The biggest lie in Hawaiian coffee is that it’s all about the location. It's tempting to believe, but it just isn't true.
Here’s a true story to illustrate the point:
A prominent Hawaii-based food manufacturer called to ask if we could help with the quality issues in their coffee shop. Turns out the roasted Hawaiian coffee they'd been buying had received complaints and they wanted our advice.
They hoped that using the same Kona coffee beans but a different roasting process (i.e. a different roast profile) could resolve the issue.
“It just doesn't taste the same as last year. Can you roast it for us?” the business owner said.
I cupped it and my taste buds puckered. It was vinegary and metallic, which we identified as both harvesting and processing defects. Although the grower and the client suspected it was a roasting issue, the harsh vinegary defect told me this coffee was over-fermented at the farm, and the issue wasn't roasting at all.
So I roasted the coffee eight different ways for the business to sample. Upon cupping the samples, not surprisingly, none of them were approved.
Without going into great detail, I'll just say that from visiting the grower's coffee farm several times, we were well aware of the reasons this coffee tasted “off.” In the grower's mind, providing great coffee came down to one simple condition: growing it in Hawaii. This is a common misconception with growers and consumers alike. In reality, coffees are only as good as their handling, and good handling takes a lot of work.
For decades, Hawaii's farmers have been taught that the quality of their work doesn't matter -- only that it was grown in Hawaii. In the end, 10% of their coffee would be blended with Colombia coffee, weird artificial flavorings, and sold at the supermarket for $6.99.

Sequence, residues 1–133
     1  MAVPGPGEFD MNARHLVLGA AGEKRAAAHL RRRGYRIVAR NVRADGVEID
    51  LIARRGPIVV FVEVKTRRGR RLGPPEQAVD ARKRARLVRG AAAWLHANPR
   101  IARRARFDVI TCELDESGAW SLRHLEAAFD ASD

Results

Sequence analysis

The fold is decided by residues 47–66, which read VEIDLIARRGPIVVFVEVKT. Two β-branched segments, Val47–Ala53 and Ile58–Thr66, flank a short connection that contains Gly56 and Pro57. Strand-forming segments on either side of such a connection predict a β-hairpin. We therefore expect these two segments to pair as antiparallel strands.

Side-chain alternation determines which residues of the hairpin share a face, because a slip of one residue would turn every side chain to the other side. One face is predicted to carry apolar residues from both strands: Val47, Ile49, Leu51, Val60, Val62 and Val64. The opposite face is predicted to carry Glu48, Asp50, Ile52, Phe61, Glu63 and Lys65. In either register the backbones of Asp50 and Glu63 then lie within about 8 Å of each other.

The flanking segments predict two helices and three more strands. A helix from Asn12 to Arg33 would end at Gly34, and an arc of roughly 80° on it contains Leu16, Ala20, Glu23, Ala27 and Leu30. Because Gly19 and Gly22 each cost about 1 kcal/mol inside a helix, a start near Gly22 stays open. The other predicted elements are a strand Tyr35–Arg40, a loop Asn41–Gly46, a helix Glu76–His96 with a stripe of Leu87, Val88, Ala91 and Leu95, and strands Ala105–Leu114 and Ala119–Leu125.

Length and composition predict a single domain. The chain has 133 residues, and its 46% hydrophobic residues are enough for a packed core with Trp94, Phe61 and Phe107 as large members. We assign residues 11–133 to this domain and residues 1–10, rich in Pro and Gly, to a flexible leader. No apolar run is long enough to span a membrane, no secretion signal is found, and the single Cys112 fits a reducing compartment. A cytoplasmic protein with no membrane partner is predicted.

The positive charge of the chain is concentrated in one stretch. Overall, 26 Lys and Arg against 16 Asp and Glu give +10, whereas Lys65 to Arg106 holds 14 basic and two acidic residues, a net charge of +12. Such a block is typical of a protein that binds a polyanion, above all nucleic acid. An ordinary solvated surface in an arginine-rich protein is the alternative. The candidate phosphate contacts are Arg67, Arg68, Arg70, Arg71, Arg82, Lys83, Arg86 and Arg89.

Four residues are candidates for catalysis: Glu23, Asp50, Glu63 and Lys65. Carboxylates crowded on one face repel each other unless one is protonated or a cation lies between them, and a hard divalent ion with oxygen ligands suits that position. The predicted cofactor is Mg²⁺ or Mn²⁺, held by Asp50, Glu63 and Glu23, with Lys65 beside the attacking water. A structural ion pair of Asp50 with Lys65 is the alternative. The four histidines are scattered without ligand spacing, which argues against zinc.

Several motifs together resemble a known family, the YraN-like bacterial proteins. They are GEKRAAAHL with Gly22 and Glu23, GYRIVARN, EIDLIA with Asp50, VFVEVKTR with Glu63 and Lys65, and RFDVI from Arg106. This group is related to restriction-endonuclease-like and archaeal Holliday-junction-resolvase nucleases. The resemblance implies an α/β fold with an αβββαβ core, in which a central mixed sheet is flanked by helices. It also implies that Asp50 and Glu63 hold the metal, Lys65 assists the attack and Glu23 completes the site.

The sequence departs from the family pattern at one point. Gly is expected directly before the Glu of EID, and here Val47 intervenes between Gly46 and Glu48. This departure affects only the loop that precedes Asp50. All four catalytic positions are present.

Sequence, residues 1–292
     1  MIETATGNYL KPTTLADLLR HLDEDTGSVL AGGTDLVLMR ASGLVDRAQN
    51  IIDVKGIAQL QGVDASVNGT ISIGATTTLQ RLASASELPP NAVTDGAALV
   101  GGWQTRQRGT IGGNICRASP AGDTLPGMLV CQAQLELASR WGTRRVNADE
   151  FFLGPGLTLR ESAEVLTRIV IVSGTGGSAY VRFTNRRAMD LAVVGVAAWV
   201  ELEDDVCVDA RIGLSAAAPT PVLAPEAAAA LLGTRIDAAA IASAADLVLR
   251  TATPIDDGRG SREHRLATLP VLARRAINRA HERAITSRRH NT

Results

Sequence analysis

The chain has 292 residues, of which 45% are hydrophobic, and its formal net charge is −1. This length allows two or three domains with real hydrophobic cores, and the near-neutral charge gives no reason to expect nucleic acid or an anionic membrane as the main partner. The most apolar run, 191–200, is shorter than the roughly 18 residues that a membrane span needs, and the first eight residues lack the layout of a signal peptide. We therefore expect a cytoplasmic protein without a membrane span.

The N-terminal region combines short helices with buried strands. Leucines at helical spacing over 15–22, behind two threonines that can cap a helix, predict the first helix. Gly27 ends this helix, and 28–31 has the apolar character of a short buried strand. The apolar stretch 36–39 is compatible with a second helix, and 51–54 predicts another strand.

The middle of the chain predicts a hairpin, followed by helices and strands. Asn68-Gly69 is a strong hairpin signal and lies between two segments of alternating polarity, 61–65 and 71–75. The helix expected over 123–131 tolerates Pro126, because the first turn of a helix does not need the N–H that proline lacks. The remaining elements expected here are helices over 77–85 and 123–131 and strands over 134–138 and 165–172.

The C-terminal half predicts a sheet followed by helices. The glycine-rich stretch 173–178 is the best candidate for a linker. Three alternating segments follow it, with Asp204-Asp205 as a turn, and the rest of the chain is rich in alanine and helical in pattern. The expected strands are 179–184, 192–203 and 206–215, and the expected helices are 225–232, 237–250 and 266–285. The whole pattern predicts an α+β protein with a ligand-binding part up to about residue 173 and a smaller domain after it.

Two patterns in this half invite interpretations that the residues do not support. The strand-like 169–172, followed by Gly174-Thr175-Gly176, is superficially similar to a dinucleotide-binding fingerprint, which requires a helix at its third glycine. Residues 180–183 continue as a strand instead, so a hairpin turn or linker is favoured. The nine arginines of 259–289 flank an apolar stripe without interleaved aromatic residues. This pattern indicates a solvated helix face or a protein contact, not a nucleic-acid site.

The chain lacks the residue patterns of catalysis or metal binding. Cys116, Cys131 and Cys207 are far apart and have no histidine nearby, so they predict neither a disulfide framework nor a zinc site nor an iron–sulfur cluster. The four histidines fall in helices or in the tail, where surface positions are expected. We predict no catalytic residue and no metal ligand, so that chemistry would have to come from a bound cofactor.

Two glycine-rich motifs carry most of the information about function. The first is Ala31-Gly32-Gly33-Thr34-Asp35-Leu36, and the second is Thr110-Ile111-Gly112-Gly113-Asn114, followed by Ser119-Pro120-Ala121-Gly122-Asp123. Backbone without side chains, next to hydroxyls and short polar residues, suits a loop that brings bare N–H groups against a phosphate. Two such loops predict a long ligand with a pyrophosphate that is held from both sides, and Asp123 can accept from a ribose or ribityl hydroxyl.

But now, the expectations around coffee are changing, and coffee changes because consumers change, and consumers change because ideas change.
Over time, poor quality leads to a poor reputation and low pricing. It's a race to the bottom making farming unsustainable. And that’s what we’re trying to change. We want authentic and wholesome products, delivered within an equitable supply chain.
As with most American-made products, real Kona coffees will always be priced at a premium due to the economics of labor, land, and laws. We believe that we owe it to you, our customers, and to Hawaii, to master our craft and provide the best Hawaiian and Kona coffees we can. This is our way of safeguarding Hawaii and the art of producing things by hand.
Eventually, the business decided to discontinue that coffee. But their interest in serving Kona coffee continued and our conversations evolved. I explained to the business that, as a roaster, there is nothing we can do short of burning/over-roasting the bad coffee in attempt to mask the defects.
No, roasters aren't alchemists. We can’t turn bricks into gold. At a lighter roast, the array of defects would be revealed.
Furthermore, we could not, in good conscious, continue to roast the coffee because we suspected it contained potentially carcinogenic molds that can occur in poorly handled coffees.
Producing great coffee is a partnership where attributes are transformed at every step in the process. To demonstrate the point, a few weeks later we brought the business a sample of coffee we'd roasted from a farm only ¼ mile from the first farm. The location was practically the same, but the farmer took a vastly different approach: healthy coffee trees, ripe harvesting, clean processing, and environmentally controlled storage.
The Hawaii-based food manufacturer tasted it and became hooked on that coffee: it was (and is) a clean, balanced, sweet Kona coffee.
Regardless of location or variety, coffees can be made great or disappointing -- specialty or commodity -- and there's a breadth of labor, education and investment that separates the two.
If I had to choose the most important aspect of producing great coffee, it would start with caring to do so.